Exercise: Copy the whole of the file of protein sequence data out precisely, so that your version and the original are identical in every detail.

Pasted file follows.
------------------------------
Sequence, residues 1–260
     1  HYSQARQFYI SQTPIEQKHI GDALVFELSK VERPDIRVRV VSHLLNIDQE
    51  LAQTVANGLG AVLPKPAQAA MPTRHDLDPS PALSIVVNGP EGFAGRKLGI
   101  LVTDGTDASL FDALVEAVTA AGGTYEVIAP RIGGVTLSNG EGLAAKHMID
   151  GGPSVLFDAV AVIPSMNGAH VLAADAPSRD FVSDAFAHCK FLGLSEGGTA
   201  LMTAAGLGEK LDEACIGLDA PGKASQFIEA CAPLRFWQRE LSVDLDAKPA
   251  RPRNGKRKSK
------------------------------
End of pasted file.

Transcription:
Sequence, residues 1–260
     1  HYSQARQFYI SQTPIEQKHI GDALVFELSK VERPDIRVRV VSHLLNIDQE
    51  LAQTVANGLG AVLPKPAQAA MPTRHDLDPS PALSIVVNGP EGFAGRKLGI
   101  LVTDGTDASL FDALVEAVTA AGGTYEVIAP RIGGVTLSNG EGLAAKHMID
   151  GGPSVLFDAV AVIPSMNGAH VLAADAPSRD FVSDAFAHCK FLGLSEGGTA
   201  LMTAAGLGEK LDEACIGLDA PGKASQFIEA CAPLRFWQRE LSVDLDAKPA
   251  RPRNGKRKSK